The Trump administration announced Thursday that it will immediately discontinue cost-sharing reduction payments, saying it cannot lawfully continue the payments because there is no congressional appropriation, a move criticized by Democratic lawmakers and state attorneys general. A Congressional Budget Office analysis released in August found that halting CSR payments would increase premiums by about 20% and leave an additional 1 million Americans uninsured.
President Donald Trump on Thursday signed an executive order directing federal agencies to develop regulations that would make it easier for small businesses and other groups to partner and buy association health plans and to relax limits on short-term health plans. Health care experts and industry groups said the changes could drive healthier people to purchase leaner plans, leaving only sicker people in Affordable Care Act plans, which could force insurers to raise premiums and possibly exit markets altogether.
Healthcare payer speeds processing by 72% With OnBase workflow, provider enrollment staff at Wisconsin Physicians Service Insurance need just 17 days for the work that used to take them 62 days to complete. This payer also cut 1.4 million pages of paper, reduced/repurposed 50 FTEs and eliminated all overtime. Read the case study.
The CMS warned that as of Oct. 1, eligible hospitals that are not meaningful EHR users during the fiscal year 2018 reporting period will receive Medicare payment reductions for that year. "This payment adjustment is applied as a reduction to the applicable percentage increase to the Inpatient Prospective Payment system rate, thus reducing the update to the IPPS standardized amount for these hospitals," the CMS said.
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A study by the World Obesity Federation showed that the cost of treating obesity would reach $1.2 trillion annually by 2025 across the world, with the US poised to surpass all other nations in terms of health care costs. The US health care system spent $325 billion per year in 2014 to treat cancers associated with obesity and other obesity-related illnesses and is projected to spend $4.2 trillion between this year and 2025, researchers found.
Researchers found an increase in the prevalence of risk factors for ischemic stroke from 2004 to 2014, including diabetes, which increased from 31% to 38% among hospitalized stroke patients and rose by 2% each year. The findings in Neurology, based on 922,451 patients, revealed that 48.7% of Hispanic patients had diabetes, compared with 30.5% of white patients.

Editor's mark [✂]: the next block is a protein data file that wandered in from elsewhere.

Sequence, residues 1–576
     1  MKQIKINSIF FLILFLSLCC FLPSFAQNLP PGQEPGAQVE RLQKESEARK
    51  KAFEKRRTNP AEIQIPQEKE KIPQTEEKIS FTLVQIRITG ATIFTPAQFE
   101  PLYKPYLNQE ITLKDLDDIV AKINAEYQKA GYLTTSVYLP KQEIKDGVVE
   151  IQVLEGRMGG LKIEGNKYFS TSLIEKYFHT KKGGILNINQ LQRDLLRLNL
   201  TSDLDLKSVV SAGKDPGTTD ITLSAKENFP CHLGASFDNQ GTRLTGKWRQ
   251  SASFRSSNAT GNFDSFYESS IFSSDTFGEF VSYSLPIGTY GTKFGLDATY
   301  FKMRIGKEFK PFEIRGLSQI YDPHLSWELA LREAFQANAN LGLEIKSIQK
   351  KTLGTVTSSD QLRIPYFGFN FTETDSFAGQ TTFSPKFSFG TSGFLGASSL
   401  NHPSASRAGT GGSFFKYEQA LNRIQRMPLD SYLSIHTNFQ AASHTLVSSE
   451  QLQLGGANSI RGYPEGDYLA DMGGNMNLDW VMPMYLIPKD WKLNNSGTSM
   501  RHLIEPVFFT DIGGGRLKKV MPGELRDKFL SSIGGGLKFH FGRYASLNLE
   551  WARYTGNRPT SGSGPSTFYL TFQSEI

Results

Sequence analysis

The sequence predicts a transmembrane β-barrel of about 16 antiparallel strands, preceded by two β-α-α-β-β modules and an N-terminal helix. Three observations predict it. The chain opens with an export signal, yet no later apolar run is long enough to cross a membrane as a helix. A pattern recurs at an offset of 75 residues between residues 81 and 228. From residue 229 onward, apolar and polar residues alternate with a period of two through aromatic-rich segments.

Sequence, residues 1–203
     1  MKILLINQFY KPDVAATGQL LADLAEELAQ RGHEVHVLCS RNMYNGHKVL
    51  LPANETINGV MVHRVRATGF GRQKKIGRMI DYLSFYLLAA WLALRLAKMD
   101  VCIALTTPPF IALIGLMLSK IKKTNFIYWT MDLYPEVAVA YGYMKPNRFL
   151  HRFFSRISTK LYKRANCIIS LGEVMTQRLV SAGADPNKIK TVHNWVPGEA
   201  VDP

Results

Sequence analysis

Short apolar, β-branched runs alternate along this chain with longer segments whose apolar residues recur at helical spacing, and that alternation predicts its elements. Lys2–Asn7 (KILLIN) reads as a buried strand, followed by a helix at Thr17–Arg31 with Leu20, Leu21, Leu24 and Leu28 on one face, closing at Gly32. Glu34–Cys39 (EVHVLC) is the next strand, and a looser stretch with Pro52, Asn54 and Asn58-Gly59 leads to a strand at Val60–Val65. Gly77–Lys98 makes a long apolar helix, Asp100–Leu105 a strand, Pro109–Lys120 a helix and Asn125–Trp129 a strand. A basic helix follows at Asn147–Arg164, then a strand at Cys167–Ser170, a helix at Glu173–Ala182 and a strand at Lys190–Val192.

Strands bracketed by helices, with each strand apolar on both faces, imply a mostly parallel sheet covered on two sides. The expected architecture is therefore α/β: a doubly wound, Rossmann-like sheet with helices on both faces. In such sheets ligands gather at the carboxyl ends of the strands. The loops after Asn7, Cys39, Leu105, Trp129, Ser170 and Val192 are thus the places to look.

A domino-size ultrasound scanner can detect abnormal brain activity and seizures through the anterior fontanelles in real time and could be used to monitor infants' brain function. Researchers reported in Science Translational Medicine that the probe distinguished active and quiet sleep, and, when combined with EEG, not only detected seizures in two at-risk infants but also identified where in the brain the seizures originated.
The FDA's Unapproved Drugs Initiative, which requires FDA approval of unapproved drugs already on the market, appears to have led to higher drug prices and more frequent drug shortages, and the approval process did not always require that sponsors conduct new clinical trials to establish safety or efficacy. Journal of Managed Care & Specialty Pharmacy(10/17)
A complete response letter was issued by the FDA to Mylan regarding its marketing application for a biosimilar of Amgen's Neulasta, or pegfilgrastim. The letter said more data on manufacturing, controls and chemistry from Mylan's research partner, Biocon, was necessary.
The Social Security trust fund faces a financing shortfall equal to 17% of projected costs over the next 75 years, while the Medicare fund faces a shortfall of 14% of projected costs if nothing is done legislatively to close the gaps, according to a report from the Bipartisan Policy Center. The report favors both raising taxes and cutting benefits to deal with the shortfalls.
Health care navigator groups will limit their services in the wake of Trump administration funding cuts, according to a recent Kaiser Family Foundation survey. Fifty-five percent of statewide programs and 72% of regional programs said they will serve a limited territory, and 89% of all programs expect to reduce staff. Advertising and outreach activities will also be reduced, as will the number of months they provide enrollment assistance.
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Many health plans are refining their approaches and driving the innovations needed to make a real difference in the opioid crisis. Here's a look at what two Pennsylvania health plans are doing to protect patients and curtail the misuse of prescription opioids. Read more.
The people who get on in this world are the people who get up and look for the circumstances they want, and, if they can't find them, make them.
George Bernard Shaw, playwright
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